"Är ni lediga i morgon?"

Translation:Are you free tomorrow?

January 28, 2015

14 Comments


https://www.duolingo.com/spiffwalker

So let me get this straight..

Ledig = Free as in free schedule; available.
Fri = Free as in a free country; independent.
Gratis = Free as in cost free; free of charge.

Is that about right?

January 28, 2015

https://www.duolingo.com/Lundgren8

Yes, that’s correct. Fri is also used in other situations meaning ’not contained’ such as a free prisoner, a free bird etc, not only with countries.

January 28, 2015

https://www.duolingo.com/spiffwalker

Tack!

January 28, 2015

https://www.duolingo.com/sandeepa2

Thanks Lundgren8

February 24, 2017

https://www.duolingo.com/Lotte1191

Tack...I was getting really confused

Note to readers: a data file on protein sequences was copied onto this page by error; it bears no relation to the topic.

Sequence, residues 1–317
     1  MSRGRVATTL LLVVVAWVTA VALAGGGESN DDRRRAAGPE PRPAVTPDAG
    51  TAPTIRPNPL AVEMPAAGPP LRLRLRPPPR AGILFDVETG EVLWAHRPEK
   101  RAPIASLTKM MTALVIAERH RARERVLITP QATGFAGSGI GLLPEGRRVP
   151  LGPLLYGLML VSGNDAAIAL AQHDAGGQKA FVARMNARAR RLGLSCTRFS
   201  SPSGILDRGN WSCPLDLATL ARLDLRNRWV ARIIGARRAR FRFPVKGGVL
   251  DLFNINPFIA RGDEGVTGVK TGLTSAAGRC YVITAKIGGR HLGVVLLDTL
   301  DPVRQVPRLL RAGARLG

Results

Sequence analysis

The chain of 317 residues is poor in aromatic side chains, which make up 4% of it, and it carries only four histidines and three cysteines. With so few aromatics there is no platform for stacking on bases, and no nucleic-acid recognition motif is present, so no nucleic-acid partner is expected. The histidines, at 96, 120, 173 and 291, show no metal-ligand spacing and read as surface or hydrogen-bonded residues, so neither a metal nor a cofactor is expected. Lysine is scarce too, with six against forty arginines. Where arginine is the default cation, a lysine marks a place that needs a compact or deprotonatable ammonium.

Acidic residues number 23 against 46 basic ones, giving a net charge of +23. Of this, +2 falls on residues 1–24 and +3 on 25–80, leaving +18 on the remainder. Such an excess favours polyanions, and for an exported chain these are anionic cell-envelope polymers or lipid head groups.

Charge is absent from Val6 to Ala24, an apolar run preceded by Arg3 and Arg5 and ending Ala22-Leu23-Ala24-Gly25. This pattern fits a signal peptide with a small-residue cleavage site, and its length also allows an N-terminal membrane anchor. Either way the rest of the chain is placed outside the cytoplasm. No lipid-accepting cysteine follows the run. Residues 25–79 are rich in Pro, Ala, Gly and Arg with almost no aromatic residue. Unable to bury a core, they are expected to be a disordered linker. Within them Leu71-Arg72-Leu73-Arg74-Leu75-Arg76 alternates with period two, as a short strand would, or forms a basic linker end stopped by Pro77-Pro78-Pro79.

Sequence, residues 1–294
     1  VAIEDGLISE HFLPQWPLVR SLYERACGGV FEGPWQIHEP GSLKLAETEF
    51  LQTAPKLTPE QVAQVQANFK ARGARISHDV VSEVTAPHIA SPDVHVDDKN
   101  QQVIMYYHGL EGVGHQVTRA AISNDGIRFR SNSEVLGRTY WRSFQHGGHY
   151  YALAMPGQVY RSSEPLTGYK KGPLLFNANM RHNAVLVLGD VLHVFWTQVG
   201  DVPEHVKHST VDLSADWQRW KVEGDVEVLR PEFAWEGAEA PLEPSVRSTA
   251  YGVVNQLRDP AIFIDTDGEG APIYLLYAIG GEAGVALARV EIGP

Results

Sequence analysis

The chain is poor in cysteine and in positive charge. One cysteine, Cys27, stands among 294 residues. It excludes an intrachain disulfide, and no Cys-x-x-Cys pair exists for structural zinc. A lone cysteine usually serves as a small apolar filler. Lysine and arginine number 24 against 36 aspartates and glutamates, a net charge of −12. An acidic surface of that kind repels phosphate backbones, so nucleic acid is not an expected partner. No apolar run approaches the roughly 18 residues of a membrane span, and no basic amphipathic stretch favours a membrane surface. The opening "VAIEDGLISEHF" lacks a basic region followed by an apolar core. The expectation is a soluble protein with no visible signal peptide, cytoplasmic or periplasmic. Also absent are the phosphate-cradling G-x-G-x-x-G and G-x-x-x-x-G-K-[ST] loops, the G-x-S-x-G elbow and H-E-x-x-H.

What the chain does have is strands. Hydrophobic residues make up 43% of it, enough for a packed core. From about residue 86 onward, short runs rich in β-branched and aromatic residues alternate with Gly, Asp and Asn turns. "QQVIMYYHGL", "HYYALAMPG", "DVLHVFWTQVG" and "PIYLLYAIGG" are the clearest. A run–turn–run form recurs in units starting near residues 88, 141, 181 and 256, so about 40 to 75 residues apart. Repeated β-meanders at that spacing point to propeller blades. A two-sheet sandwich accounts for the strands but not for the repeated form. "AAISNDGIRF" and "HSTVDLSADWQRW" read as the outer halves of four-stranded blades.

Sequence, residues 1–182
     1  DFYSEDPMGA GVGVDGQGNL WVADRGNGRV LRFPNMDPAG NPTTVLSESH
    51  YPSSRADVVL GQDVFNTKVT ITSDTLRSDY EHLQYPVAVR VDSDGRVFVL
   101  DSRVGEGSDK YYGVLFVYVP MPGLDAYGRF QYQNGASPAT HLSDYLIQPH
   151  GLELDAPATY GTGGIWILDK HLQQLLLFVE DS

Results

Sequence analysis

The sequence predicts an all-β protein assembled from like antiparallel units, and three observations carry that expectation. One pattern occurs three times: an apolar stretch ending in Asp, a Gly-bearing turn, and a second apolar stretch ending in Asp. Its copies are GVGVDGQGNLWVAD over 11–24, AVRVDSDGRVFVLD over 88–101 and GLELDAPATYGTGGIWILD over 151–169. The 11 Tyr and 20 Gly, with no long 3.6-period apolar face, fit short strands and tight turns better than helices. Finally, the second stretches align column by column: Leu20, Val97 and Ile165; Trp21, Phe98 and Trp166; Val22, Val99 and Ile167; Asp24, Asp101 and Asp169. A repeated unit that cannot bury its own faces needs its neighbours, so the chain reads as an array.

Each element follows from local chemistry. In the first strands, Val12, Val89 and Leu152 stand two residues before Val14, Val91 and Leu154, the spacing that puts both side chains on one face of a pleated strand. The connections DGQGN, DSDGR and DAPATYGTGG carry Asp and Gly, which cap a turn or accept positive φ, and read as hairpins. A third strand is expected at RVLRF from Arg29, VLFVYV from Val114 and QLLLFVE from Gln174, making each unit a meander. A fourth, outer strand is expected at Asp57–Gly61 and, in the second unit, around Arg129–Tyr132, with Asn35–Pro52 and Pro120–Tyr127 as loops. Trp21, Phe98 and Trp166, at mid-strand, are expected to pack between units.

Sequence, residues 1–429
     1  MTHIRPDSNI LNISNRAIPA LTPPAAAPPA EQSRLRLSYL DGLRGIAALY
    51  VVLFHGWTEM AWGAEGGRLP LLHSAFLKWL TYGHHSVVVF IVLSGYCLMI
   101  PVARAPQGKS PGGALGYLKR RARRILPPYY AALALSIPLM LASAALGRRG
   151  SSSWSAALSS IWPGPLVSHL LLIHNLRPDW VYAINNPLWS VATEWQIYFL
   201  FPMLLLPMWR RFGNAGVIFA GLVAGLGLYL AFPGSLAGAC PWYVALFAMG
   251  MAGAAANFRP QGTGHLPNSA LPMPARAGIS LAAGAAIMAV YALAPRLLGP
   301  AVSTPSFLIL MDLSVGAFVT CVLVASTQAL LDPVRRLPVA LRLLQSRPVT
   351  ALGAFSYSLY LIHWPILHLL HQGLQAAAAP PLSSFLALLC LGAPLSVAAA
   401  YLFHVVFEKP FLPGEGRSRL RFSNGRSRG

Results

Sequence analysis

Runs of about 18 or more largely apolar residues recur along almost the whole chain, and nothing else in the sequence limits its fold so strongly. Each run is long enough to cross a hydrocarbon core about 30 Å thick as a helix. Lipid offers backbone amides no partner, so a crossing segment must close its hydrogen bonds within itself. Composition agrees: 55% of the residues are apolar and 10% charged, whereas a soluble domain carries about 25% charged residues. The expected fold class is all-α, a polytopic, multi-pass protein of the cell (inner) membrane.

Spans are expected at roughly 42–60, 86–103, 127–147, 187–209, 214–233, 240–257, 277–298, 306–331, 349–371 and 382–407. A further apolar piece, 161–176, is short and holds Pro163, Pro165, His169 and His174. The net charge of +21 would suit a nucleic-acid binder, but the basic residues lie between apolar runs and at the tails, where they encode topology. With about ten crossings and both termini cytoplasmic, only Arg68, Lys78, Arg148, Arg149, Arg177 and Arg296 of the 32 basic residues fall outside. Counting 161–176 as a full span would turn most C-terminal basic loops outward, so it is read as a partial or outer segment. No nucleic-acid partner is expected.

July 21, 2017

https://www.duolingo.com/sandeepa2

Thanks spiffwalker

February 24, 2017

https://www.duolingo.com/obitonye

Tack så mycket

April 7, 2016

https://www.duolingo.com/bigswedeej

In this case, ledig could be "available"?

November 5, 2015

https://www.duolingo.com/Zmrzlina

Not reeeeally. Available = tillgänglig. There's overlap, but not entire synonymity I think.

April 7, 2016

https://www.duolingo.com/LenaStorli

Yes, if you want to book some service of any kind, e. g. at your garage. Then you can ask "Är ni lediga i morgon?", which means "available to take my car for service". Obviously, you don't want them to be "free" then.

April 18, 2016

https://www.duolingo.com/raja6622

Det är omöjligt att hitta lediga lagenheter i Sverige

August 12, 2017

https://www.duolingo.com/LutzvonGra

Funny to see divergences of meanings of the obviously same word in different languages: in German "ledig" means "not married". Of course may be "ledig" in the Swedish sense as a result

November 17, 2017

https://www.duolingo.com/Jun-Tsukedo

Can someone explain the difference of "Du" and "Ni" to me please?

November 27, 2017

https://www.duolingo.com/g.uh

Du = you (singular) Ni = you (plural)

March 17, 2018
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